54 3.6 Integration of Components of the Chain Analysis and Critical Evaluation Figure 3.7: POS Online Completion Phase 38 running which sends a different response back depending on certain values in the request. To be able to test the new EMV functionality, the simulator is extended with a connection to the simulator of the acquirer (see next section). When the PSP receives a response, the response is forwarded to the acquirer. The response that comes back from the acquirer is converted to proper XML response and returned to the POS application. In this new situation the PSP simulator works the same as in life, but without really processing the transaction (transferring money).

55 Analysis and Critical Evaluation 3.7 Critical Evaluation PSP and Acquirer The protocol that is used for the communication between the PSP and the acquirer is APACS30 [5, 4]. The connection to the reference acquirer can be tested to the simulator of the acquirer. Depending on the request that the acquirer receives, a proper response is returned to the PSP Acquirer and Issuer Because there is no information available about which protocols are used between the acquirer and the different issuers. This part of the communication is therefore out of scope. 3.7 Critical Evaluation Certification test suites To investigate the quality of the EMV certification process research has been done after the test suites of the two main credit card companies, Visa and MasterCard. For each test suite all the tests are investigated and checked which part of the specification of the EMV standard is tested (see Appendix C). Also the performed live certification was very helpful, because by performing each test in live, the outcome of the tests, and what is tested by each test, is checked in more detail. To be able to draw conclusions about the quality of the EMV certification process, test coverage criteria must be selected. To achieve 100% path coverage is in general not possible. Therefore branch and statement coverage are accepted today as the minimum mandatory testing requirement. This can be done by executing enough test to assure that every branch alternative has been exercised at least once under some test [6]. In other words, the minimum testing that should be done for the EMV certification process is 100% branch coverage. With the knowledge what is tested by which test (Appendix C), the branch coverage for each test suite can be calculated. This is done by mapping this knowledge to the specification of the EMV implementation. This mapping is done for each step of the 11 steps of the EMV specification. A more detailed description of the results of this mapping can be found in Appendix D. A summary of the number of covered branches can be found in Table 3.4. The branch coverage of the two discussed test suites can be calculated by dividing all the covered branches by all branches: 1. Visa: 67% branch coverage 2. MasterCard: 66% branch coverage The total coverage of both test suites together is 73%. Now we come back to the first research question: How do the provided test scripts of the card companies meet the requirements/ specification of the EMV standard? In other words,what s the quality of the current EMV certification process?. For both test suites the minimum mandatory testing requirement of 100% branch coverage is not met, which indicates a pour test quality of the EMV certification process. 39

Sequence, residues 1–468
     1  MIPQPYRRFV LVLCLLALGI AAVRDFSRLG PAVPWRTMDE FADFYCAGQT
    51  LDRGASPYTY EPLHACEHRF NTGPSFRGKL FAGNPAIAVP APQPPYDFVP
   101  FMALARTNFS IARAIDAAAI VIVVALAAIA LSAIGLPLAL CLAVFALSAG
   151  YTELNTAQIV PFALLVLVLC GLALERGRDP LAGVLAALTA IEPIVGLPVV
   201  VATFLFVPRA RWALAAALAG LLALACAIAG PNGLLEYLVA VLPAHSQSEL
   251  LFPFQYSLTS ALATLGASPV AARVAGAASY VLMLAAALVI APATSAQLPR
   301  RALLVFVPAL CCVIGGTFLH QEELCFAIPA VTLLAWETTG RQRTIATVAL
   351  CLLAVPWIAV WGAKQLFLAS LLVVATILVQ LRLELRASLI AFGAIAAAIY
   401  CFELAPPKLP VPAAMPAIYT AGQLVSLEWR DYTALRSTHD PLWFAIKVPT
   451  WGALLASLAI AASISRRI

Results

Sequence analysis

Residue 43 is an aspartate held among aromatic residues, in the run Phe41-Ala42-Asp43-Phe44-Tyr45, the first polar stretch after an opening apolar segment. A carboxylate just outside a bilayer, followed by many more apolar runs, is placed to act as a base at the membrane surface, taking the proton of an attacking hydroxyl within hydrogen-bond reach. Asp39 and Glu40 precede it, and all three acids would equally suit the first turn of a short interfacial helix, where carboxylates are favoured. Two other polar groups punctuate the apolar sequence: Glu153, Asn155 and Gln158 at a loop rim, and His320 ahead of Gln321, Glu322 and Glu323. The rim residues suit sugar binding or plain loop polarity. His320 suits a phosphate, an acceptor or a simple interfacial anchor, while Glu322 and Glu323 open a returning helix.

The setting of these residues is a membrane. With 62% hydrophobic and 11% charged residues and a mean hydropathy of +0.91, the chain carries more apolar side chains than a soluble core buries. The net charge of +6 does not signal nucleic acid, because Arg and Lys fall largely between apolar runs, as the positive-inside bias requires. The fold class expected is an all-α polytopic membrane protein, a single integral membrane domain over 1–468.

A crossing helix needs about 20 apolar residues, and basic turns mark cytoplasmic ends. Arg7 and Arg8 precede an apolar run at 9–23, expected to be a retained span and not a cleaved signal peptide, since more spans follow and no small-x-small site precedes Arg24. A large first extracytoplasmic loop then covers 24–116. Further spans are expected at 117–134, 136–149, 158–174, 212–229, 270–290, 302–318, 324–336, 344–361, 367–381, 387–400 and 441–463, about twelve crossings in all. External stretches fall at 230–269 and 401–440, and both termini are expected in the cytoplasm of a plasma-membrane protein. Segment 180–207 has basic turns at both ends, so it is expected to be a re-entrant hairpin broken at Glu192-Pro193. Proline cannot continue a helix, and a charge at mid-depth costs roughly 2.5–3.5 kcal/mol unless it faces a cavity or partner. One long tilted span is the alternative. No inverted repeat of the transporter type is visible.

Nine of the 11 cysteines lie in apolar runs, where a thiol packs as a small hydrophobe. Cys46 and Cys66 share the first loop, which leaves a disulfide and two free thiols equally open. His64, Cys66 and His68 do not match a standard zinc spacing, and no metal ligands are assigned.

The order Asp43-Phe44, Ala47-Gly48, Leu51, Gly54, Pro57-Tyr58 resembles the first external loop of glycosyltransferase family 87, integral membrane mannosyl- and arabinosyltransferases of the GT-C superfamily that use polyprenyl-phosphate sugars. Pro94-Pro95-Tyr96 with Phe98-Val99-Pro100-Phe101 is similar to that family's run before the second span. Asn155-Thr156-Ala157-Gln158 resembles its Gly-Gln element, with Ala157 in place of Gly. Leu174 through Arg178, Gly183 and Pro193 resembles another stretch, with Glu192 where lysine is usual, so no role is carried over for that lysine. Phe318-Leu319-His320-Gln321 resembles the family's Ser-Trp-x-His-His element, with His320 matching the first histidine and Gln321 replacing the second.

56 3.7 Critical Evaluation Analysis and Critical Evaluation EMV step # branches # covered branches Visa MasterCard together Table 3.4: Covered branches of the test suites Individual Components of the Chain The individual components in the chain that is being certified are all very different. The EMV specification only specifies the functionality of the card and the terminal component. The testing of these components is handled by other parties. Therefore there is no knowledge about how this is done, and what the coverage of the tests is. Testing the reference PSP is done with JUnit. 100% test coverage for unit test is essential. For larger systems, like the reference PSP, unit test coverage of 75% - 85% is acceptable [6]. The reference PSP has an estimated unit test coverage of less then 25%. This is much less then the accepted coverage percentage. Some parts of the system are also tested with regression testing, which has an estimated specification coverage of 60%. Both coverage percentages are very low, and do not met the acceptable values described by the literature, but in practise it seems enough for the PSP to process millions of transactions each month Protocols Between Components of the Chain To judge the quality of the protocol between the terminal and the POS application is very hard, because there was almost no protocol description. This makes it even harder to test, because the results can not be compared to the expected results. The protocol between the POS application and the reference PSP is specified by a DTD and some extra documentation. Each incoming and outgoing message are checked by the reference PSP if they match the DTD. When the request ore response does not match with the DTD specification, an error is thrown.